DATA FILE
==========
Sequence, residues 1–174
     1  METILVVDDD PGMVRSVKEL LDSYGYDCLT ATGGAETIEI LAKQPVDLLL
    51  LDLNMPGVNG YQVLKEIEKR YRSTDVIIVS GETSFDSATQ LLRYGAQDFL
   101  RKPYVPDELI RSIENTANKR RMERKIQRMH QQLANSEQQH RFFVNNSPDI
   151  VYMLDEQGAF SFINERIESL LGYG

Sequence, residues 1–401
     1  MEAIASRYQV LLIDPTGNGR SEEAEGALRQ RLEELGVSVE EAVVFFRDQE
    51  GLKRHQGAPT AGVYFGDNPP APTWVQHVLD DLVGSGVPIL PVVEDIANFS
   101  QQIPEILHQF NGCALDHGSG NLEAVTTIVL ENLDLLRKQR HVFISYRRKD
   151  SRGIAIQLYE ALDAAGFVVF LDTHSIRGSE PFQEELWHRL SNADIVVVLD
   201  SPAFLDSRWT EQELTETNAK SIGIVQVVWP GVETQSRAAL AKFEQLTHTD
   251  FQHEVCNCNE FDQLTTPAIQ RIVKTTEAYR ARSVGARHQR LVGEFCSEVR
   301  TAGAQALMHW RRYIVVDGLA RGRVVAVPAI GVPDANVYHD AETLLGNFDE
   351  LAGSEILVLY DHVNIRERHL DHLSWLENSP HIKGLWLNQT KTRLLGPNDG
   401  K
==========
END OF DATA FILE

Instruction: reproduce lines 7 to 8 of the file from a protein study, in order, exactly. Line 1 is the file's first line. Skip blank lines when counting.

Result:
     1  MEAIASRYQV LLIDPTGNGR SEEAEGALRQ RLEELGVSVE EAVVFFRDQE
    51  GLKRHQGAPT AGVYFGDNPP APTWVQHVLD DLVGSGVPIL PVVEDIANFS